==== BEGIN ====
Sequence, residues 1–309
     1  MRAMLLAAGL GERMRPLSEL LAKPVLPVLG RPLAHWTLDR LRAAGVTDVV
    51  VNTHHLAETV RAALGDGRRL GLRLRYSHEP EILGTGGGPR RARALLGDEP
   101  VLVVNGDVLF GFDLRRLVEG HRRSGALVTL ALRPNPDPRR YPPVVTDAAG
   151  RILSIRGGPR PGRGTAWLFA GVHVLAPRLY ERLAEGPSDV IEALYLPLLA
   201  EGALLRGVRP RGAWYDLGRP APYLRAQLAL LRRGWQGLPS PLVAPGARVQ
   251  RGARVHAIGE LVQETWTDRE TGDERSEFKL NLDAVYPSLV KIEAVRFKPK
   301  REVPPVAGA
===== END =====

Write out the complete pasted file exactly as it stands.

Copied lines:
Sequence, residues 1–309
     1  MRAMLLAAGL GERMRPLSEL LAKPVLPVLG RPLAHWTLDR LRAAGVTDVV
    51  VNTHHLAETV RAALGDGRRL GLRLRYSHEP EILGTGGGPR RARALLGDEP
   101  VLVVNGDVLF GFDLRRLVEG HRRSGALVTL ALRPNPDPRR YPPVVTDAAG
   151  RILSIRGGPR PGRGTAWLFA GVHVLAPRLY ERLAEGPSDV IEALYLPLLA
   201  EGALLRGVRP RGAWYDLGRP APYLRAQLAL LRRGWQGLPS PLVAPGARVQ
   251  RGARVHAIGE LVQETWTDRE TGDERSEFKL NLDAVYPSLV KIEAVRFKPK
   301  REVPPVAGA